Sunday, December 11, 2016

Who Would You Like to Talk to and What About?

I found this question and answer pasted into my journal from March 21, 1991.  I was playing "Postcard Challenge." The game involved asking each other questions.  The answer would be a postcard with an image, words, and a new questions.

Image result for with love from hell Matt GroeningI had photocopied the non-picture side of the postcard and taped it into my journal. I don't know what the picture was, but it was from this postcard book.

Who did I want to talk to in 1991?  Here's my answer:
1.  Moses:  I'd ask him what that burning bush was like.
2.  Jesus:  I'd ask him what he meant actually - what he really wanted.
3.  Buddha:  Perhaps he'd explain his experience to me
4, 5,  & 6.:  Jefferson, Danton, Marat, and Cromwell.  I'd like to talk about their revolutions.
7 & 8:  Confucius and Lao Tzu:  I'd like to know what they think it's all about.
9.  Shakespeare:  I'd like to know his feelings about love and marriage, writing, inspiration, magic, The Tempest, King Lear, and so on.  Ideally, we would talk for a long, long while.
10.  Ghandi, Thoreau, Golda Meir
11.  Abby Hoffman, John Lennon, Mozart.
12.  Akhenaten, Pericles, Socrates, Plato.

Actually, if I could talk to one person, I'd talk to my father who died January 1, 1969.
That was my answer 25 years ago. It might be different now.

Who would you like to talk to and what about?

Monday, January 11, 2016

Are Self-Help Books Self-Helpful?

Thinking of reading a self-help book?

Will it ease your back pain?
Will it make you thinner?
Will it help you find true love?
Will it endanger your life?
My first self-help book was Let's Eat Right to Keep Fit, the Bible of food back in the 1970s.  I recall making Adelle Davis's nutritional booster of brewer's yeast, wheat germ, raw eggs, and fruit juice.  Check it out!

I've had some transformational insights due to self-help books, particularly Co-Dependent No More which showed me that my situation was typical of many people and not unique to me.  The book described my then (way-back then) partner's behaviours and my responses as if there had been a camera in our home for the previous five years.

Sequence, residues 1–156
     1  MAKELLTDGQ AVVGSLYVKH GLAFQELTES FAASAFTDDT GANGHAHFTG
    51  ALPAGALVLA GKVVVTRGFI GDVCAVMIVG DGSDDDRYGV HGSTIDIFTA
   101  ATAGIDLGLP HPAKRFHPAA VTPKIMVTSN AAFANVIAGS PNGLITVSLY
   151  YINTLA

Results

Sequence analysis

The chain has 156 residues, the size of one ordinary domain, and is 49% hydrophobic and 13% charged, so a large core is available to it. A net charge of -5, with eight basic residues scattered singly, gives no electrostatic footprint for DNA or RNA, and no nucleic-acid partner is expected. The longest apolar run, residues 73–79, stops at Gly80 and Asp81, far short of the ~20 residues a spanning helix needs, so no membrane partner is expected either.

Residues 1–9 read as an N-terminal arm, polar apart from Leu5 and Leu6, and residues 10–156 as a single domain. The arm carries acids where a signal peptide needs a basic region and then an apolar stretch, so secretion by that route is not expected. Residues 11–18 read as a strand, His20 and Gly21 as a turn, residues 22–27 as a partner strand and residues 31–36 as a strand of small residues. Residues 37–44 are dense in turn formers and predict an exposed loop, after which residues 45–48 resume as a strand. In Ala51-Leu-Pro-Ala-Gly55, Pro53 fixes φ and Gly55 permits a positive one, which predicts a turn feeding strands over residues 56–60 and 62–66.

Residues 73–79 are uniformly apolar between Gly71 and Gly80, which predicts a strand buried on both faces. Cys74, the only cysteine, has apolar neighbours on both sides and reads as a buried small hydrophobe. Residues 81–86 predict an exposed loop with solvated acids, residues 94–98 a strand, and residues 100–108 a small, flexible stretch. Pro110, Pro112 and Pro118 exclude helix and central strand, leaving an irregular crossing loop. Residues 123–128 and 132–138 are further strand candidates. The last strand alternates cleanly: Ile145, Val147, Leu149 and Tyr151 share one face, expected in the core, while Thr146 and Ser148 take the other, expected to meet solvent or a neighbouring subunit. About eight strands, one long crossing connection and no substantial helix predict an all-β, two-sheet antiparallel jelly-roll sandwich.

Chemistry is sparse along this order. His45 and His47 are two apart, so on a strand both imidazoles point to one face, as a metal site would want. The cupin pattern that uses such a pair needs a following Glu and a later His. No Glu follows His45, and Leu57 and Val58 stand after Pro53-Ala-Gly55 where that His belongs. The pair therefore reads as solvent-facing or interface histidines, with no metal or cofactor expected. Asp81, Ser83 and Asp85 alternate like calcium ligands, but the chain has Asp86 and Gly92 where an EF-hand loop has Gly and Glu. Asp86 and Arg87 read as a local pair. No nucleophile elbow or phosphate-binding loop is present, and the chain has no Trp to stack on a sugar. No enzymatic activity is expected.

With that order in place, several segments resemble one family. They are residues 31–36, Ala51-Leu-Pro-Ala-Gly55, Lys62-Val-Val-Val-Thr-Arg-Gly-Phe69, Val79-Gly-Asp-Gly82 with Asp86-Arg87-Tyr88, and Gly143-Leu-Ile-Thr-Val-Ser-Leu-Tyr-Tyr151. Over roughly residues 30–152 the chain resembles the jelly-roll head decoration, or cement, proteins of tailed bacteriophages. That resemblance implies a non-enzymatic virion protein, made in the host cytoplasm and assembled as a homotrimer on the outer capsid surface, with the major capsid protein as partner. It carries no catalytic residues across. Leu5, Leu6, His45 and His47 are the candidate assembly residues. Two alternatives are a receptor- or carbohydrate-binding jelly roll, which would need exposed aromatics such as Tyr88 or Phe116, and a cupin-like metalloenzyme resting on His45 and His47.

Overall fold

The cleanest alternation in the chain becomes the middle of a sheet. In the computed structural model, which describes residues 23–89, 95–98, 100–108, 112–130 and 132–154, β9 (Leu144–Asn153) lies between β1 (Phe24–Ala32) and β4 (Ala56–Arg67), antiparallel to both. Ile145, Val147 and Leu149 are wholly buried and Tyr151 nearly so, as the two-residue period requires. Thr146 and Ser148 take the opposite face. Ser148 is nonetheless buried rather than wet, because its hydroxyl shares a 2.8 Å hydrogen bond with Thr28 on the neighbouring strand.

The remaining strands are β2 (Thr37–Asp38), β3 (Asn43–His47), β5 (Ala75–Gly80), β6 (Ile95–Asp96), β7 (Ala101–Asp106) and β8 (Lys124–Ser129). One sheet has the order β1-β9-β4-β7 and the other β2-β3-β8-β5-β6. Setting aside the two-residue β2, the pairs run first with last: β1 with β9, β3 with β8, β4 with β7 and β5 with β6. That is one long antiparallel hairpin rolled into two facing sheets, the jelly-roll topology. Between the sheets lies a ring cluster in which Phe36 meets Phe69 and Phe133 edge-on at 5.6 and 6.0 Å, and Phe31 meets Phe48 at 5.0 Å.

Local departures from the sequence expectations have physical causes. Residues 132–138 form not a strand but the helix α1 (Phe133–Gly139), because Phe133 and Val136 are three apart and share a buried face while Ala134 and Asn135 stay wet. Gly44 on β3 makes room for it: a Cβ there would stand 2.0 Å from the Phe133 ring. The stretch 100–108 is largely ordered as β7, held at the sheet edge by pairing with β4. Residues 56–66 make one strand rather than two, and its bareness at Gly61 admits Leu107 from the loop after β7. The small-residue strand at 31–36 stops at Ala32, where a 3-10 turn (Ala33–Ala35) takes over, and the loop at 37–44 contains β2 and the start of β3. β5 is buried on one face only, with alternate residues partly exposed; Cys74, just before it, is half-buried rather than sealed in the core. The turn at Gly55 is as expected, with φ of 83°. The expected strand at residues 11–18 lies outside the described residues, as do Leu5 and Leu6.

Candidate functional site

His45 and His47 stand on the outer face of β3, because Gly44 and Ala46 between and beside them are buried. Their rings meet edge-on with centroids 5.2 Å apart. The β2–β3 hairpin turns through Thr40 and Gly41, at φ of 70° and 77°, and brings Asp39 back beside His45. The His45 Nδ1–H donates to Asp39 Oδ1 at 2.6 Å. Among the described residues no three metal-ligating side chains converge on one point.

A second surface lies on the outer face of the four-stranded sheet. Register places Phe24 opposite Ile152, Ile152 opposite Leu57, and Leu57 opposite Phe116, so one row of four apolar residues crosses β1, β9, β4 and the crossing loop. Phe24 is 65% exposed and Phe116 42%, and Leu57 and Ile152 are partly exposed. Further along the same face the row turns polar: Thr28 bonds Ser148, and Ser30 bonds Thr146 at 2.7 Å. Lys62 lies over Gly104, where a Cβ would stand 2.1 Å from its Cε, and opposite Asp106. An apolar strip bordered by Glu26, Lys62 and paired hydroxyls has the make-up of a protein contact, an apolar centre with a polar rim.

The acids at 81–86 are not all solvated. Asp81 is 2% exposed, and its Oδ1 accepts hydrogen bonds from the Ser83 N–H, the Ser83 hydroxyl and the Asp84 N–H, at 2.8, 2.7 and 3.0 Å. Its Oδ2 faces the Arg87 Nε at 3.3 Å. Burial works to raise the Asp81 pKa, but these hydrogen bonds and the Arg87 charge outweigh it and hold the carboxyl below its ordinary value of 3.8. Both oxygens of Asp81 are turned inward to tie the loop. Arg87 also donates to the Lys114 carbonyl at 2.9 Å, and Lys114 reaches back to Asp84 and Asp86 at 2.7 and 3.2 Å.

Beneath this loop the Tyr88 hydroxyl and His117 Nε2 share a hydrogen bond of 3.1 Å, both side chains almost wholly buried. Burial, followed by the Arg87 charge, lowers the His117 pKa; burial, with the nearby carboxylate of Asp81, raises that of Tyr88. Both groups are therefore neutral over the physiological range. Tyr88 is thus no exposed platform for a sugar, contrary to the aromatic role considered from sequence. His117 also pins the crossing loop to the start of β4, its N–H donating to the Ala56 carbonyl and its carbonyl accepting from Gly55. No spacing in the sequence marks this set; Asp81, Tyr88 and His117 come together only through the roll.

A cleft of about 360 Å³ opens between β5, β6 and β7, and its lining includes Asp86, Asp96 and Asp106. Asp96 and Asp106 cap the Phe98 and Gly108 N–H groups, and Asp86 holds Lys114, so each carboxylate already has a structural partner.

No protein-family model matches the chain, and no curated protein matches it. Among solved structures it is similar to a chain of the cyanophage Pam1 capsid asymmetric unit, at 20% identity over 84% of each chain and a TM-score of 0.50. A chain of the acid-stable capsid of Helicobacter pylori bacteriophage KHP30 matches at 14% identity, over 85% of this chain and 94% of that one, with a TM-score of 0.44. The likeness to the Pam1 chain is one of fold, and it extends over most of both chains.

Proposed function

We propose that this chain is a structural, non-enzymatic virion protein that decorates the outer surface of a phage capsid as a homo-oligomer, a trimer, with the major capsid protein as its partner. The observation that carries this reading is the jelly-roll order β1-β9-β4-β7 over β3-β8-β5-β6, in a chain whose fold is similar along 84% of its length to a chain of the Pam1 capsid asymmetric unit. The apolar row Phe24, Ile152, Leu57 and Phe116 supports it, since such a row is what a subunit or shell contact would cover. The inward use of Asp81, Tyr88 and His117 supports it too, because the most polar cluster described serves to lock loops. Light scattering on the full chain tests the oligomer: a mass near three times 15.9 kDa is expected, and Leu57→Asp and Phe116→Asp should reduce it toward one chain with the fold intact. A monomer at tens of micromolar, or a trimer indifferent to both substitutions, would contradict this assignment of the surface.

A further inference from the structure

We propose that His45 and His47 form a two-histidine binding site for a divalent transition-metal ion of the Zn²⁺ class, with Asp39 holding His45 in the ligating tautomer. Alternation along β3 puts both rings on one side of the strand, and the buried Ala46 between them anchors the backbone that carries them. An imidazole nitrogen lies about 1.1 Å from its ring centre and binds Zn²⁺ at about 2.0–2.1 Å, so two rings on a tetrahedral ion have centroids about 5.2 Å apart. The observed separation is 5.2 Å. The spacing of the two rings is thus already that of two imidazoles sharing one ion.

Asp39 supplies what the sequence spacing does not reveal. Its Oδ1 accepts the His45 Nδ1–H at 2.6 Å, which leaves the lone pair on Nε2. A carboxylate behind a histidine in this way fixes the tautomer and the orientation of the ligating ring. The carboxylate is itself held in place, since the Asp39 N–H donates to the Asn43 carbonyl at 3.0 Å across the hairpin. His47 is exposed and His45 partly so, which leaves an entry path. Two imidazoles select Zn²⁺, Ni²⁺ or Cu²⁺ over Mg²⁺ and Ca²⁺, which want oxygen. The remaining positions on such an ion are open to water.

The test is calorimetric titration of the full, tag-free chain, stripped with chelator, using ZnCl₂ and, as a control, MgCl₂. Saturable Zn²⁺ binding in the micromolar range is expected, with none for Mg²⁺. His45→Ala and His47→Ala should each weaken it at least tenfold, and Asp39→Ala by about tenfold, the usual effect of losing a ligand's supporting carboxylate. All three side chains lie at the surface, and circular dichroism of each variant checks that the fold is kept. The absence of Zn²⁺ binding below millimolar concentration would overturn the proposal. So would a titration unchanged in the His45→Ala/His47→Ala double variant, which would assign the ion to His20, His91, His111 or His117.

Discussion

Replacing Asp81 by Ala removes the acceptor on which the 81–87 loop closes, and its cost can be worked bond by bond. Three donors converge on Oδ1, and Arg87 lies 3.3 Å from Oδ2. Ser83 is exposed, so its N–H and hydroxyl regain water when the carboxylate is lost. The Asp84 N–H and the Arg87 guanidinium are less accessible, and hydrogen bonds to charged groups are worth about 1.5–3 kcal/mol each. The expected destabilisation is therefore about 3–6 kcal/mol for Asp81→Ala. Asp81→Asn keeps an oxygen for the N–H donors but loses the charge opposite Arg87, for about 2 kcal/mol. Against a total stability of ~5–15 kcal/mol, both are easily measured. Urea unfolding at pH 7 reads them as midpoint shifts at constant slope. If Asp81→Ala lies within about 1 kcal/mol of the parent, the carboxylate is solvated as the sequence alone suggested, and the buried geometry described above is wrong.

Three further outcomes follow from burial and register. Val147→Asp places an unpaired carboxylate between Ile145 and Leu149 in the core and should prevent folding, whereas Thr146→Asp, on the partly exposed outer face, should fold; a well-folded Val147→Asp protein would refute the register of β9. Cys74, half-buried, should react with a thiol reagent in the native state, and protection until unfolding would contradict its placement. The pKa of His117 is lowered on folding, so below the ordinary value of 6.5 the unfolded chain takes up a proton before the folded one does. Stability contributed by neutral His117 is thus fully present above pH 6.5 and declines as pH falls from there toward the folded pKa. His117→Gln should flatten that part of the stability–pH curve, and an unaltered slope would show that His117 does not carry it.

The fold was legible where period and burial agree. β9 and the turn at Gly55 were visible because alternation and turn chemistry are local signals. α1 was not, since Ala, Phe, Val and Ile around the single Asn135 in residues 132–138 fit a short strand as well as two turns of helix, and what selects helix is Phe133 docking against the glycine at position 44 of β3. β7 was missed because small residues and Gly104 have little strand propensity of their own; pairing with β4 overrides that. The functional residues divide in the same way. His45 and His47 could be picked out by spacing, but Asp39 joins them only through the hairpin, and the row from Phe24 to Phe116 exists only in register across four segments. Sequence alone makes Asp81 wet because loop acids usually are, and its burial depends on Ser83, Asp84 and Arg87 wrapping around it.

This realization enabled this enabler to pry herself loose from the cycle of fleeing and returning.  After reading the book, I was able to see the cycle as a typical pattern.  The book sucked all the unique drama out of my experience.  I was a cliché.  I had the book, though, for many months before being able to read it.  The book was screaming its blue cover at me - and finally, at the right time, I was able to listen.

Difficult Conversations helped me see my own responsibility in all the difficult conversations I found myself in. This had the powerful impact of reducing anger.  How can I be mad at you and disappointed in you if I knew how disappointing you would be from the beginning?

The Five Dysfunctions of a Team has been a very useful book for anyone working in groups. The key message of that book is that trust is essential for teams to be effective.

The other four dysfunctions follow from absence of trust.

A friend of mine said this, "Life is too interesting and too complex for self-help to be worthwhile."
I would say the opposite:  Life is too interesting and complex for self-help and any other kind of help not to be worthwhile.  There is no one answer.  There are many answers, and the right book at the right time can sometimes be just what we need. 

At least it was for me.